Over the past few months we’ve done our best to bring our readers everything we can dig up about the upcoming remake of the classic point-and-click adventure, Shadowgate. With less than a week left of the Shadowgate Remake Kickstarter campaign remaining, series creator Dave Marsh was kind enough to answer a few questions for us regarding the upcoming game and the future of his new studio, Zojoi.
HPP: Thanks for giving us this opportunity to talk to you about your company’s remake of the pioneering point-and-click adventure, Shadowgate. Could you start by telling us a bit about yourself and how this 25th anniversary resurrection of the series came to be?
DM: Well, I have been in the game industry since the mid 80’s working on a host of games for what seems like every platform ever produced since that time! Karl Roelofs (my friend and co-creator) and I had been talking late last year about the possibility of re-releasing the games that we did at ICOM simulations in the 80’s and 90’s. After acquiring the rights (which were held by somebody else), we decided that instead of just a re-release of Shadowgate that we would re-make the game. This ‘re-imagining’ won’t be a total overhaul, but rather our intent is to take the iconic moments and puzzles from the game and update them for the fans of today.
HPP: I have to say that the visual overhaul that’s been given the game is a real treat. As a longtime fan of the series it’s surreal seeing the dank catacombs and musty halls of Castle Shadowgate brought to life with such vivid detail. How does it feel seeing the world you created so many years ago take shape on today’s hardware?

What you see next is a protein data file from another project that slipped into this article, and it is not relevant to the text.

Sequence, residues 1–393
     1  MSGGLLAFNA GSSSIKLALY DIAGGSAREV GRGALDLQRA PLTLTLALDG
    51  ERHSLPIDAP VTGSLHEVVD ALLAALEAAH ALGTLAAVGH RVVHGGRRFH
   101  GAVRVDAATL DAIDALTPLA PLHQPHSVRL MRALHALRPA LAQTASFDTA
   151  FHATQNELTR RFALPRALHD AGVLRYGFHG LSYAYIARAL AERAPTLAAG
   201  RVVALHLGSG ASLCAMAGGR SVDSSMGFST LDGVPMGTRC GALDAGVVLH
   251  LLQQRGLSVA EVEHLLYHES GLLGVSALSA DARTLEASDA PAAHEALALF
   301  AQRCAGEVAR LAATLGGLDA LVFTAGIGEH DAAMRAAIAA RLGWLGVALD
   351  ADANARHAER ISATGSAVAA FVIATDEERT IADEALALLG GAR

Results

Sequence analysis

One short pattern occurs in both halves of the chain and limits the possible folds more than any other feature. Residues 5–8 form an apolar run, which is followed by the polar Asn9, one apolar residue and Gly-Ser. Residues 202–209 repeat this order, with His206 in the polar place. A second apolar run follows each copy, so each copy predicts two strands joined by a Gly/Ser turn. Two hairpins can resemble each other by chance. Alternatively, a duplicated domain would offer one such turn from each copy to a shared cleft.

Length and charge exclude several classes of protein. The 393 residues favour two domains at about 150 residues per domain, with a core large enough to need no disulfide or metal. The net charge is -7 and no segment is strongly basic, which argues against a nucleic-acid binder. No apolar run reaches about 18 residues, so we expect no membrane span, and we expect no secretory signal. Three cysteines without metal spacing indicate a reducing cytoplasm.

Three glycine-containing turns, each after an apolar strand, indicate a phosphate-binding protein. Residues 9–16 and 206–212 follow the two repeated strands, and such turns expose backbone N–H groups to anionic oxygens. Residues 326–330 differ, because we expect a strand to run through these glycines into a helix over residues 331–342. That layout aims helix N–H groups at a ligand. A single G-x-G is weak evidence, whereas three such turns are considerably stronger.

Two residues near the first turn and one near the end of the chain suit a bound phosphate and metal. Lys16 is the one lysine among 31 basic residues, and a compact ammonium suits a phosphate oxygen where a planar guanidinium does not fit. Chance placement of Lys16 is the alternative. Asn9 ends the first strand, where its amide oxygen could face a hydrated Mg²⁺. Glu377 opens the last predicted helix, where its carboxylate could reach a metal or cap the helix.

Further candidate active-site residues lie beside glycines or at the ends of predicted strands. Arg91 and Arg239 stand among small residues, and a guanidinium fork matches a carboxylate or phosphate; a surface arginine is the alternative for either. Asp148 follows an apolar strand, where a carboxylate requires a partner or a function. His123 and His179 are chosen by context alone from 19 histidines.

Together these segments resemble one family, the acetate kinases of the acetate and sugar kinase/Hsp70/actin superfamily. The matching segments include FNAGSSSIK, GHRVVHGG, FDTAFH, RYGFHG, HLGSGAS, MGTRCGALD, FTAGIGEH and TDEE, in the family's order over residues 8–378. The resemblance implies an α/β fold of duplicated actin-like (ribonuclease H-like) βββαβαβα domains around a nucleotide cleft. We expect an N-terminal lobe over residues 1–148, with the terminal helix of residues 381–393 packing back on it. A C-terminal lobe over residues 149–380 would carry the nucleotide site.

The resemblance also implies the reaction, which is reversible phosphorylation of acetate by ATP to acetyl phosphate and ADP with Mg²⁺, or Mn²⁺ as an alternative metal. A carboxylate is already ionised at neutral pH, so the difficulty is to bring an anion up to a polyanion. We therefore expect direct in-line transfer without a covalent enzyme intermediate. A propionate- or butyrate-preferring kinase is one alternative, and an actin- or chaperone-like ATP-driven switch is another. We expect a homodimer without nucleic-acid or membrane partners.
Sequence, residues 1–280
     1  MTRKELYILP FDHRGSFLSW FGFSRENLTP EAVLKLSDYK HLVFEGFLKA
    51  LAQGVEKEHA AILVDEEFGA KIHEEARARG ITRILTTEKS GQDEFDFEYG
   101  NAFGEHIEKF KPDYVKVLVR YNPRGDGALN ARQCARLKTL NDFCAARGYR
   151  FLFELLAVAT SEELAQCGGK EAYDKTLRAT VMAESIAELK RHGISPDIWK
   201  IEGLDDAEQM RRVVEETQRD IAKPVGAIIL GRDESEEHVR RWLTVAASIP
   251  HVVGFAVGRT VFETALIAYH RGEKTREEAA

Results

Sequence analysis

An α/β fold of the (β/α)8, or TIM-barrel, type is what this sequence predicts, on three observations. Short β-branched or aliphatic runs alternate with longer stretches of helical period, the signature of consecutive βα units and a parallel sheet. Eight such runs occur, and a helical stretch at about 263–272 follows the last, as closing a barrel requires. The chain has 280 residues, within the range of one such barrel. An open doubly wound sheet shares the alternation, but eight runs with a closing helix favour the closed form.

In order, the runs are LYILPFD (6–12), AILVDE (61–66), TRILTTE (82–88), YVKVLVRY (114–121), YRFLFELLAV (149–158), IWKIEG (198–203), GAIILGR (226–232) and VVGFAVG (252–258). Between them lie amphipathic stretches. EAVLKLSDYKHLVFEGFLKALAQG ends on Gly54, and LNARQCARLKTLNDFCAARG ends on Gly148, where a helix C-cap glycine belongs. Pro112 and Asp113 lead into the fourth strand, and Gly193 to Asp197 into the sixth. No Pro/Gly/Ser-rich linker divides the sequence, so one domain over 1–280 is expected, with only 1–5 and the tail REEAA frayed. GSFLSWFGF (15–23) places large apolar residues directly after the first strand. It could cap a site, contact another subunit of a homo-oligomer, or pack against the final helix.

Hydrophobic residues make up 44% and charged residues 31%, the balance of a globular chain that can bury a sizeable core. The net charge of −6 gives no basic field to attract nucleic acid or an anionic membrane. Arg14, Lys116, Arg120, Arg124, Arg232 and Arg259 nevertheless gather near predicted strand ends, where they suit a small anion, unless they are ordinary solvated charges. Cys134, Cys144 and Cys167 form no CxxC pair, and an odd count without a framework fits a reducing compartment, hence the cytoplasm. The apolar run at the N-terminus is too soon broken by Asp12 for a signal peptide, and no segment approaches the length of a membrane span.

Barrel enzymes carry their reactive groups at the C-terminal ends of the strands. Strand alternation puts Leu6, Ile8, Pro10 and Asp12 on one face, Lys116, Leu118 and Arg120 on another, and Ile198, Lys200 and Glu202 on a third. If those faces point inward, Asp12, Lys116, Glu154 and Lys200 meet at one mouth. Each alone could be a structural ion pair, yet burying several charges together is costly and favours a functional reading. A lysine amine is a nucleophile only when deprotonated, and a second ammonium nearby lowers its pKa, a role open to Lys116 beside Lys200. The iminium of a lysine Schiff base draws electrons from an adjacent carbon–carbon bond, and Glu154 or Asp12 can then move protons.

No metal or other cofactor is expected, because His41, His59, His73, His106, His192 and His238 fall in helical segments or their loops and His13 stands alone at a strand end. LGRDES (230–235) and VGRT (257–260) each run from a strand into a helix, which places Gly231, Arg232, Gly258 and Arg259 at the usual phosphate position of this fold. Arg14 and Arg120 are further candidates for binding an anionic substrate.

DM: It’s awesome! We really wanted to create dark and raw feel for the graphics- that is why we enlisted the talents of Chris Cold who has done an amazing job capturing the tone we were looking for. This is the version of Shadowgate that we always wanted to make – one that is not constrained by so many of the delivery devices of the past (e.g. floppies, cartridges, etc.)
HPP: You and Karl (Roelofs) have mentioned expanding upon the narrative of the original for this remake. Without giving too much away, can you give us any examples of what’s been done to enhance the storytelling experience?
DM: Because of the size limitations on the media from the 80’s, the original game was, by necessity, abbreviated. Most everything in that game had to be part of the win sequence or solution because we just didn’t have the room. We do not have the limitation anymore. This allows us to expand the castle, so that players can see additional rooms. And within these rooms we will tell more of the story behind the castle’s purpose, the wizard council of twelve, and its destruction by the turncoat Warlock Lord. Additionally, we get to expand upon the mythos of our world.
HPP: How many new rooms and puzzles do you hope to include in the final version of the game? Can we expect changes made to the original game’s puzzles to keep veteran dungeon explorers on their toes?
DM: Yes, we expect to shake things up a bit for those that remember the original game. We don’t have the final numbers for what is changing- we plan to have most of the rooms from the original game but have updated more than half the puzzles from the original and added a lot of new rooms (Plus more puzzles and game sequences have been added as well.) Karl and I really took a lot of time examining each puzzle and room to determine whether or not it holds up. To be honest, there are just some puzzles in the original game that still have us shaking our heads *laughs*.